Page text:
Analyzing Global Behavior of Web Community Evolution

Analyzing Global Behavior of Web Community Evolution

Masashi Toyoda and Masaru Kitsuregawa
Institute of Industrial Science, University of Tokyo
4-6-1 Komaba Meguro-ku, Tokyo, JAPAN
+81-3-5452-6098 (ext. 57623)
toyoda@tkl.iis.u-tokyo.ac.jp, kitsure@tkl.iis.u-tokyo.ac.jp

ABSTRACT

Recent advances in storage technology make it possible to store a series of large Web archives. It is now exciting challenge for us to observe evolution of the Web. We analyze evolution of web communities by comparing four Japanese web archives crawled from 1999 to 2002. A web community is a set of web pages created by individuals or associations with a common interest on a topic. So far, various link analysis techniques have been developed to extract web communities. Statistics of community evolution are examined, and the global behavior of evolution is described.

Keywords

Link analysis, web community, evolution

1. INTRODUCTION

In this paper, we analyze the evolution of web communities, and show some statistics of evolution. A web community is a collection of web pages created by individuals or associations with a common interest on a topic, such as fan pages of a baseball team, and official pages of computer vendors. Recent research on link analysis[2,3,5] shows that we can identify a web community on a topic by extracting densely connected structure in the web graph, in which nodes are web pages and edges are hyperlinks. Although these techniques can automatically identify communities, evolution of communities still have not examined.

Since a web community represents a certain topic, we can understand when and how new topics emerged and evolved in the Web. Such information is important in the following situations: (1) Answering historical queries about topics on the Web. For example, how many and what kinds of web pages have been created related to the September 11, 2001 attacks; (2) Tracking and analyzing user communities of consumer products for marketing; (3) Observing social and cultural trends over time would be interesting topics for sociological research; (4) Observing the emergence of quality web communities on a topic. Finding emergent communities according to user's interest is challenging task for new search services.

Statistics of web community evolution is examined using four Japanese web archives crawled from 1999 to 2002 with 119M pages in total. We first extracts whole communities and their relevance from each web archive. It is based on our previous work of web community chart [6] that is a graph of communities, in which related communities are connected by weighted edges. Then compare these charts over time. We show that the structure of communities changes dynamically, though the size distribution of communities is rather stable. For the page limitation, we omit more detailed results. For example, we have found that most of changes in communities follow the power-law. In the following, we first briefly describe our technique for building the web community chart. Then show statistics of web archives and community evolution.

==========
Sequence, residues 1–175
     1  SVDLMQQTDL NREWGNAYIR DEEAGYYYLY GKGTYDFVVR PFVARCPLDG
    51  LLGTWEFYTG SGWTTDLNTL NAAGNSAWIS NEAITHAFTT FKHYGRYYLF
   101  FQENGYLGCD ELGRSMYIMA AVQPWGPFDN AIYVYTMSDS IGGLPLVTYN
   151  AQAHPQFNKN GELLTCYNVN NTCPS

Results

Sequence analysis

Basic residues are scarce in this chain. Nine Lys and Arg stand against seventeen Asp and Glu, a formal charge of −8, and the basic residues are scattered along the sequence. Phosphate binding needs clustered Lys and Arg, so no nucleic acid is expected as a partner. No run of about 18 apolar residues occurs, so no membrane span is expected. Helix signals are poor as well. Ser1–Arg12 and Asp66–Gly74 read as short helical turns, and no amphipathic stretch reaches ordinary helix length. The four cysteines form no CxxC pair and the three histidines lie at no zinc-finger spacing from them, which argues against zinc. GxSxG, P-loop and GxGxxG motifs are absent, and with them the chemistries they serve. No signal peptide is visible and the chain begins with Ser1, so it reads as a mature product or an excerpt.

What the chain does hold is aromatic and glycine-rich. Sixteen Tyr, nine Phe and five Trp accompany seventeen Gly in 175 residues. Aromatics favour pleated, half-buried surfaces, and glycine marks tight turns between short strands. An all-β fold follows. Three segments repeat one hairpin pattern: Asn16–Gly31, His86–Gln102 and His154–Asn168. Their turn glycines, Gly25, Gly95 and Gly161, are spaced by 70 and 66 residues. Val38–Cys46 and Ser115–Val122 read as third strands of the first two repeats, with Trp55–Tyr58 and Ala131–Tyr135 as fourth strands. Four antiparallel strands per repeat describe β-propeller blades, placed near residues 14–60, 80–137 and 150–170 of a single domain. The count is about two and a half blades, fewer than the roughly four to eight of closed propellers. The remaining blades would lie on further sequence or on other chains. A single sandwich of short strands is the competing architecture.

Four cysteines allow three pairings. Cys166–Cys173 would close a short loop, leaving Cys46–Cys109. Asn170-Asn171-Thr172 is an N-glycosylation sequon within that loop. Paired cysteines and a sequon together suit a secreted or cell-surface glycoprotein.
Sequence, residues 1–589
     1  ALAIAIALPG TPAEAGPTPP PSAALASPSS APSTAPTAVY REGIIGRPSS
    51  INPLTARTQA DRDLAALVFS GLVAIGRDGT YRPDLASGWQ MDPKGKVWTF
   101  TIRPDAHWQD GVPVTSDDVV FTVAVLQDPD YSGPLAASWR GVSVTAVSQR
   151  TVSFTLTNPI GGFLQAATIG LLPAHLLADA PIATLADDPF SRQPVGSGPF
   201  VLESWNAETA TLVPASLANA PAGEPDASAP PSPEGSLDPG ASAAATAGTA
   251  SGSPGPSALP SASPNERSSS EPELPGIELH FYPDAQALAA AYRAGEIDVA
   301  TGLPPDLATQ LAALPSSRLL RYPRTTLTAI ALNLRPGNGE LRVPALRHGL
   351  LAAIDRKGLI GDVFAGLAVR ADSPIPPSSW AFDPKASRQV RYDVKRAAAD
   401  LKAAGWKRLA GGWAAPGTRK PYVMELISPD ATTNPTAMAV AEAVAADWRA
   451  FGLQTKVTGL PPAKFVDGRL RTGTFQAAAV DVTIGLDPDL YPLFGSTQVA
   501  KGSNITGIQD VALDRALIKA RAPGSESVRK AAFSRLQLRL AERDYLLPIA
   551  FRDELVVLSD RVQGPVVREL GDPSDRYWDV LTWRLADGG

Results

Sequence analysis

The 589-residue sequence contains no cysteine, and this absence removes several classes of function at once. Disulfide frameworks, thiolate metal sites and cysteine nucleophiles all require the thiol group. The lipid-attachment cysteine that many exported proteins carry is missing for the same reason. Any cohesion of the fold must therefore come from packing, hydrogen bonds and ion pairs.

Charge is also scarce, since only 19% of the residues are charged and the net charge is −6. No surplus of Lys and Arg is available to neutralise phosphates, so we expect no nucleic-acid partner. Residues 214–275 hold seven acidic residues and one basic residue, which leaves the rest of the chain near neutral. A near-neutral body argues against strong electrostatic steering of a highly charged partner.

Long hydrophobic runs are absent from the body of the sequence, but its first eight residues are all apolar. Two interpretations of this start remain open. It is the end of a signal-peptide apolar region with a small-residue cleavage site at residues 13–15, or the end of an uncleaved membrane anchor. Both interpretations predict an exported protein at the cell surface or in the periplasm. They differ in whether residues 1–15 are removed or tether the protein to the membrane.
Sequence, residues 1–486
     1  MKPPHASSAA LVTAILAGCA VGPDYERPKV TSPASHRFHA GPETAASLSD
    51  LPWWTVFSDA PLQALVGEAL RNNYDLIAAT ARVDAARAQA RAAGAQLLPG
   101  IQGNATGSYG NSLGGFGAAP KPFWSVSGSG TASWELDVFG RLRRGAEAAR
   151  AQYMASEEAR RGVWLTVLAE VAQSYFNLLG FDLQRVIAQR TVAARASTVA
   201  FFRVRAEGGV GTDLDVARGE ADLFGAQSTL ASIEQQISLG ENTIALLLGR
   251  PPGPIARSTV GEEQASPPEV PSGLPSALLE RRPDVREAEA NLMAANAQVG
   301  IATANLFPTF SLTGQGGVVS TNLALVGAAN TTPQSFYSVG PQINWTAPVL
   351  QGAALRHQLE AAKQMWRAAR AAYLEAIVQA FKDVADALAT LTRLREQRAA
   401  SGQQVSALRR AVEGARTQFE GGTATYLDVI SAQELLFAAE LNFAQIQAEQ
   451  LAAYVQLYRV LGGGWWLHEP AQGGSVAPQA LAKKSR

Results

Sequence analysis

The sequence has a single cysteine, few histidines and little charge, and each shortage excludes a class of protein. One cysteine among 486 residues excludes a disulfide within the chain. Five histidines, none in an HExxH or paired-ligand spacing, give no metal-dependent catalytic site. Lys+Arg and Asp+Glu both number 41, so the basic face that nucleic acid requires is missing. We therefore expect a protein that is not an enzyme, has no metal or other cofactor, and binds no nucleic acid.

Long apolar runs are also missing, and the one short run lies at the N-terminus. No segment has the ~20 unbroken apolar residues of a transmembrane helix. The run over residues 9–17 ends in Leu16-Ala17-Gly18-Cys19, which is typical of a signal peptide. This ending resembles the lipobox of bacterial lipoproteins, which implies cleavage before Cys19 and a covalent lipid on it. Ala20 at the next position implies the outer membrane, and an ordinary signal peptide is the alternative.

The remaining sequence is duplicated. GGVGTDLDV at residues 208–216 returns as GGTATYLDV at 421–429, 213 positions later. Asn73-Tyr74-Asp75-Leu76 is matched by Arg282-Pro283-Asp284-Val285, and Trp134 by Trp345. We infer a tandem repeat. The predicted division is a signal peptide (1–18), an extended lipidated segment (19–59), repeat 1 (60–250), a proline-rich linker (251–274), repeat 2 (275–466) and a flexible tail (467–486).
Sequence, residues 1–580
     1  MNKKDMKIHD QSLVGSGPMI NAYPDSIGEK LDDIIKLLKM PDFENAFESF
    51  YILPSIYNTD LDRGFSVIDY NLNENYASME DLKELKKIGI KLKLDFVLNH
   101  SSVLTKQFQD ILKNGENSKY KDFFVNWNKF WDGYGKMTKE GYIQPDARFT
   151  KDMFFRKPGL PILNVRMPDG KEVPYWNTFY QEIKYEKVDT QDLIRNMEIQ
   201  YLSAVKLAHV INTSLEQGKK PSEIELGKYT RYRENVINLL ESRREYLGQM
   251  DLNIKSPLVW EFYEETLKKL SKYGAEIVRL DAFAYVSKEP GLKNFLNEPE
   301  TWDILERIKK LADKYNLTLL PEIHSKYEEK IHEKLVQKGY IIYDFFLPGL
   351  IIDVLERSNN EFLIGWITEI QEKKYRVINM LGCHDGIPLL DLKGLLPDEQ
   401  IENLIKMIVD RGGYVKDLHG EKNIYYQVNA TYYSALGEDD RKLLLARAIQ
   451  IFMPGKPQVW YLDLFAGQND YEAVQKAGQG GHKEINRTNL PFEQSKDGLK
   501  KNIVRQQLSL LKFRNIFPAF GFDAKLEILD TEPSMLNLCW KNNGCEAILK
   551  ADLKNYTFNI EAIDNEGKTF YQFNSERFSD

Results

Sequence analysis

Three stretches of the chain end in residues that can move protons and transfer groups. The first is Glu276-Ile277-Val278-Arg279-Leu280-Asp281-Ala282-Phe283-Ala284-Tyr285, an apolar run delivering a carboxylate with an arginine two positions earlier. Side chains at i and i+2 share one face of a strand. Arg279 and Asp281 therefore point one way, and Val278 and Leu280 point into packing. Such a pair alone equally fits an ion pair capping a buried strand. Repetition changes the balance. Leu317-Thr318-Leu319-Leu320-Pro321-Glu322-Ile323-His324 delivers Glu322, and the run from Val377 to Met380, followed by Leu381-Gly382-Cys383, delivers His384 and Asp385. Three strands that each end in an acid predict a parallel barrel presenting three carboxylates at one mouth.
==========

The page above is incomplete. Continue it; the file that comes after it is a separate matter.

2. Web Community Chart

The web community chart is a graph that consists of web communities as nodes, and weighted edges between related communities. The weight of each edge represents the relevance of communities at both ends. The main idea of our technique is applying a related page algorithm, Companion-[6], to a number of seed URLs, then investigate how each seed derives other seeds as related pages. Companion- takes a seed URL as an input, and calculates related pages to the seed based on the concept of hubs and authorities [4]. It returns authorities near the seed as related pages.

To identify communities and to find their relationships, we focus on symmetric derivation relationship (SDR) between s and t, that is s and t derive each other by the related page algorithm. This often means that the both pages s and t are pointed to by similar sets of hubs, and have strong similarity. Using this relationship, we define that a community is a set of pages that are connected by the symmetric relationships, and that two communities are related, if a member of one community derives a member of an another community.

The community chart is built from a given seed set. We first apply Companion- to each seed in the seed set. Then, we put seeds into a community, when they are connected by symmetric relationships. Every two communities are connected by a edge, when there exists a derivation from a seed in one community to an another seed in the other community. A weight of a edge is the number of such derivations. Refer to [6], for more detailed descriptions.